Sid Greer was an oil and gas executive. He traveled 300 days a year, jetting to far-flung places such as Israel, Kuwait, Oman, and the Emirates. He rubbed shoulders, closed deals, and drank hard. And then, in 1998, when he and his wife, Eva, were living in London, the company he was working for went through a merger. Sid had to make a decision: take a new job or accept a buyout package. He opted for retirement, and they left London right away—like, immediately. “We took Christmas ornaments off the tree and tossed them into suitcases on the way out the front door,” he says. It was Christmas Eve.
Leaving was easy; figuring out where to go was more of a challenge. The Greers could have retired anywhere—a pied-à-terre in New York City or a beach house in Belize (where Eva is from). But aside from wanting to be near their four children, all of whom live in Texas, Sid says they were interested in finding a place where they could pursue a healthier lifestyle as well as a change of vocation. The solution: moving full-time to the family farm they had bought years before near Daingerfield, about 150 miles northeast of Dallas. The transition was easier than they imagined. “I already farmed in my mind,” Sid says, laughing.
“When I got here, I bought every animal I ever wanted,” he says. He has French guinea hens, sheep, cows, and horses. He’s on the lookout for a new potbellied pig—while mourning the loss of his last one, Hooch. He wanders his 400 acres in a golf cart, passing farm dogs Pepe and Tux, pens of roosters, and roaming French Toulouse geese. And as he chases an errant rooster into a pen, collects eggs, or hand-feeds their newest goat, Miss Fancy, it’s tough to imagine this guy ever wore a suit.
Eva has made her own mark on the property. “Cooking and flowers are her passion,” Sid says. This explains the 3.5 acres of landscaped gardens with everything from 100 varieties of roses to lilacs, caladiums, and lilies.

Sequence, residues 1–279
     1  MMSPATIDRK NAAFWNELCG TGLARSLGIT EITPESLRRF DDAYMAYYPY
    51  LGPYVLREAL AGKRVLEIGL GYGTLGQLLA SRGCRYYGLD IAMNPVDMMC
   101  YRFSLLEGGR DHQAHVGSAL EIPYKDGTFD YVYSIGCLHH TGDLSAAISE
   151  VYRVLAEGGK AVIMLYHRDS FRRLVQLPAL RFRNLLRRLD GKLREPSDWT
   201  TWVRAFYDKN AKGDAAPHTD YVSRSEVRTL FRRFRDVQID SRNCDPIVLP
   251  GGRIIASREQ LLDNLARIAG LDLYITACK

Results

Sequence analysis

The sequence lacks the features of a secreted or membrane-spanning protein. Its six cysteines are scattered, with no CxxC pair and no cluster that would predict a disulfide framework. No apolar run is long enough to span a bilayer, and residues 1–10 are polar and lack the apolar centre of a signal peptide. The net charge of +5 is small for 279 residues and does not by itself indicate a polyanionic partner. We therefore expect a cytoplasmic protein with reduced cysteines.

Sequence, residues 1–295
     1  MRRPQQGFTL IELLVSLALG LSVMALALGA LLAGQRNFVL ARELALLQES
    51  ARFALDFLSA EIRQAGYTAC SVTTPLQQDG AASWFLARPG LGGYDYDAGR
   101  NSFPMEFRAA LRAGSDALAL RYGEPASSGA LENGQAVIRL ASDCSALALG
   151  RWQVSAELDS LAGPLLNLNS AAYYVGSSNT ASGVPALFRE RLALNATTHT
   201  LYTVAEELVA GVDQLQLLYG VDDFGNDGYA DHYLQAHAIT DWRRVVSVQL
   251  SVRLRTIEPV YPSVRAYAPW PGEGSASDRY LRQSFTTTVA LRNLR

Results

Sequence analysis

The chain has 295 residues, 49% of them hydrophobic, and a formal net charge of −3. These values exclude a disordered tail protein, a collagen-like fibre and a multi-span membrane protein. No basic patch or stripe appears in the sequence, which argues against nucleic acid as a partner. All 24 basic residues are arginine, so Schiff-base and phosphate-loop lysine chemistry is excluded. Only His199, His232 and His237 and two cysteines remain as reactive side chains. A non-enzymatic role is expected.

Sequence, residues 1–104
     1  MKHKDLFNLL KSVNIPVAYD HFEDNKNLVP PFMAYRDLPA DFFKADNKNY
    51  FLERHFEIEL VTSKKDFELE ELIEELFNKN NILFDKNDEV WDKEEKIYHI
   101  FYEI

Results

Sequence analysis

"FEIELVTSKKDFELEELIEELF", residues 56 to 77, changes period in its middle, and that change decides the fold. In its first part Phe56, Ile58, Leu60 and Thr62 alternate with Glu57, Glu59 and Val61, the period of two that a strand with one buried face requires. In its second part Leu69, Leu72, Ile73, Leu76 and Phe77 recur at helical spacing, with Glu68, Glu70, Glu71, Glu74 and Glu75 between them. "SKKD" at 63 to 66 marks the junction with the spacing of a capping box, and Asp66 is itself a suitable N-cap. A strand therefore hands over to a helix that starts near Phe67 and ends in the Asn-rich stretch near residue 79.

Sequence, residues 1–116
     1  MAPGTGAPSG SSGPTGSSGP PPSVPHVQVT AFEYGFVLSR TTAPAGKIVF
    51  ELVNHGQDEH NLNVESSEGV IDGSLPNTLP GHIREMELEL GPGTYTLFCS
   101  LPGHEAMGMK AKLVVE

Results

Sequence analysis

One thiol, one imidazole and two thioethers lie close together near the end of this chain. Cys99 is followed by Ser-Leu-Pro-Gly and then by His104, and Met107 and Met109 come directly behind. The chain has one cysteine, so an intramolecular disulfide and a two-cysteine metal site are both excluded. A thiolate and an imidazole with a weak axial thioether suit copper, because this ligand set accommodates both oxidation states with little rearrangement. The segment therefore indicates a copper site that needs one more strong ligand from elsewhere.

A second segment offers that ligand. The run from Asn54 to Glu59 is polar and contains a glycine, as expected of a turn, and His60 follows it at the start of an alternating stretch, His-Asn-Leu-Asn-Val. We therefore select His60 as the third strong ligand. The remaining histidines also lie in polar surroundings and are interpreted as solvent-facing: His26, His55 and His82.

Both of the Greers are passionate about sustainable agriculture, which means farming in a continuously prosperous yet environmentally responsible way. They’ve had great success with it. Visitors flock to the farm every summer beginning in May for blueberry picking, followed by blackberries through July and figs in August. “We planted some grapes and raspberry bushes in the winter and different fruit trees,” he says. “It will take a few years to see how they grow. But the blackberry and blueberry crop looks to be really good this year.”
Berries are only the beginning. Everywhere you look, there’s something edible. Take a few steps and you’ll spy asparagus, cabbage, and sauerkraut. Go in another direction and find heirloom tomatoes, basil, summer squash, and white eggplant. And then there are the fruit trees: cherry, fig, apricot, and apple.
All of these fresh foods come in handy for Eva’s cooking classes. Each month, she hosts up to 10 people at a time for instruction on culinary delights featuring produce from her farm. This summer, check out classes such as “Sweet & Savory: Cooking with Greer Farm Blackberries and Blueberries” and “Mouthwatering Salsas.” Students are encouraged to get as involved as they like. “Sometimes people don’t like to be all that hands-on,” she says. Some students kick up the participation level only when they sit down to eat the fruits of others’ labors, paired with plenty of wine.
Berry picking and cooking classes are great and all, but the best part about visiting Greer Farm is the sleepover. About two years ago, the Greers built four log cabins that have air conditioning, kitchenettes, big bathrooms, flat-screen televisions with satellite, and wi-fi. (That wireless comes in handy. Cell service is iffy at best.) The cabins, complete with cedar swings, overlook the lake, which is stocked with sunfish, Florida bass, crappie, catfish, and coppernose brim. Guests can fish, kayak, rent bikes, hike or run on the numerous trails lining the farm, and “have their own little petting zoo,” as Sid puts it. Old structures—some dating back to before the Civil War—litter the grounds, including an outhouse that now houses a croquet set and a sampler that reads How To Be a Mean Mother.
“Camping” takes on a different meaning at Greer Farm. Thanks to indoor plumbing, cooking lessons, CNN, and a bocce court, it’s palatable to even the girliest city slicker. And Sid says people leave inspired to look for their inner farmer. “The No. 1 thing people tell me is that I’m living their dream,” he says. “They say that when they come to the farm, they feel like they’re a part of it.”
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